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863 F.

2d 1091

48 Fair Empl.Prac.Cas. 1050,

48 Empl. Prac. Dec. P 38,550,
27 Fed. R. Evid. Serv. 506
Mary KRIEGER, Plaintiff-Appellee,
COMPANY, Defendant- Appellant.
No. 13, Docket 87-7962.

United States Court of Appeals,

Second Circuit.
Argued Sept. 7, 1988.
Decided Dec. 19, 1988.

David Rothenberg, Rochester, N.Y. (Geiger & Rothenberg, Rochester,

N.Y., on the brief), for plaintiff-appellee.
Edward Katze, Atlanta, Ga. (Constangy, Brooks & Smith, Atlanta, Ga.,
Anne S. Simet, Hodgson, Russ, Andrews, Woods & Goodyear, Buffalo,
N.Y., on the brief), for defendant-appellant.
Before VAN GRAAFEILAND and KEARSE, Circuit Judges, and
POLLACK, District Judge.*
KEARSE, Circuit Judge:

Defendant Gold Bond Building Products, a division of National Gypsum

Company ("Gold Bond" or the "company"), appeals from a final judgment
entered in the United States District Court for the Western District of New
York, following a bench trial before Michael A. Telesca, Judge, awarding
plaintiff Mary Krieger, inter alia, (1) reinstatement to a job as sales
representative of Gold Bond with no loss of seniority or privileges, (2) backpay
of $60,843.38, plus interest, and (3) attorney's fees of $51,269, on the ground
that in terminating Krieger's employment, Gold Bond discriminated against

Krieger because of her gender, in violation of Title VII of the Civil Rights Act
of 1964 ("Title VII"), 42 U.S.C. Sec. 2000e et seq. (1982). On appeal, Gold
Bond contends principally that the district court failed to explain adequately its
rejection of Gold Bond's evidence, relied on inadmissible evidence, made
certain findings that were clearly erroneous, and included improper
enhancement in its award of attorney's fees. For the reasons below, we conclude
that the enhancement of attorney's fees was unwarranted, and in all other
respects we affirm the judgment.

The findings of the trial court set forth in its Decision and Order dated October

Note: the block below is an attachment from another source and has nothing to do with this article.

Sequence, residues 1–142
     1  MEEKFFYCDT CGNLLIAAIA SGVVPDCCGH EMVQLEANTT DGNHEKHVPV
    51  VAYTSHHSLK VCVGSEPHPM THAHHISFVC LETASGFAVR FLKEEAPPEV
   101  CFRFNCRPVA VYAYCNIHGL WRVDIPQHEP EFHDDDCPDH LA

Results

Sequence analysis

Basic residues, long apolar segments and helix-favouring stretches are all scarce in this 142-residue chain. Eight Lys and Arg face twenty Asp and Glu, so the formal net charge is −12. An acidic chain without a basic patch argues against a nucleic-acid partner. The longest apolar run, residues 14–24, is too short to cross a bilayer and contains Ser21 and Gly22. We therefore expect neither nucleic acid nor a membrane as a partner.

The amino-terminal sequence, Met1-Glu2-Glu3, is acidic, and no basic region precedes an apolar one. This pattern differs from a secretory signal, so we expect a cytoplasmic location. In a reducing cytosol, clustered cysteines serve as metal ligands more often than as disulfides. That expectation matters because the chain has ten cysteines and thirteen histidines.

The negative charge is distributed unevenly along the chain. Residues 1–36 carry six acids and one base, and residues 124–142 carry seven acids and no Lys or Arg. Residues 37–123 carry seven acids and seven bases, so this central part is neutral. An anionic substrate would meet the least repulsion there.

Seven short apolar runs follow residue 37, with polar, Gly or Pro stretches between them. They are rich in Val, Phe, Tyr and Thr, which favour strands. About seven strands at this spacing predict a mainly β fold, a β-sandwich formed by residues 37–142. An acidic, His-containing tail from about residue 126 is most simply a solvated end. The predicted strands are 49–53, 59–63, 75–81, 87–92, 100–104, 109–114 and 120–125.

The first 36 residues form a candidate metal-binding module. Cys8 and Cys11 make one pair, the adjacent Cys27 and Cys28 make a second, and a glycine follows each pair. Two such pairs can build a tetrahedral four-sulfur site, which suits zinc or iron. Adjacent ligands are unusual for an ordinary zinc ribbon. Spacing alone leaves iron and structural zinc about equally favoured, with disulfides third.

6, 1987 ("Decision"), together with the evidence supporting the findings,
revealed the following.

Krieger was a full-fledged sales representative for Gold Bond from November
1975 until she was fired in April 1981. She was first employed by Gold Bond in
1971 as a stenographer; she was promoted to the position of "assistant sales
serviceman" in 1973. In July 1975, Krieger learned that a full-fledged
salesperson position was available but encountered difficulty in even being
considered for the position. When she asked the regional manager to allow her
to interview for the position, his initial reaction was simply to tell Krieger to
"get out" of his office. Krieger persevered, however, and eventually was
interviewed for the job. The job was at first awarded to another candidate, but
illness prevented him from performing his new duties. After the position
remained vacant for a few months, Krieger sought it again. This time she was
given the job, and she began to work as the salesperson for the Buffalo
southern tier territory in November 1975. She was the only woman salesperson
then employed by Gold Bond in its Buffalo district.

The duties of a Gold Bond salesperson included selling the company's products
in the assigned territory, servicing the territory's customers with respect to those
products, and seeking out new customers. The salesperson was required to file
weekly activity and expense reports with the company. Each salesperson was
given a sales objective to meet, and the company viewed the achievement of
sales equaling or exceeding the assigned quota as the salesperson's single most
important responsibility.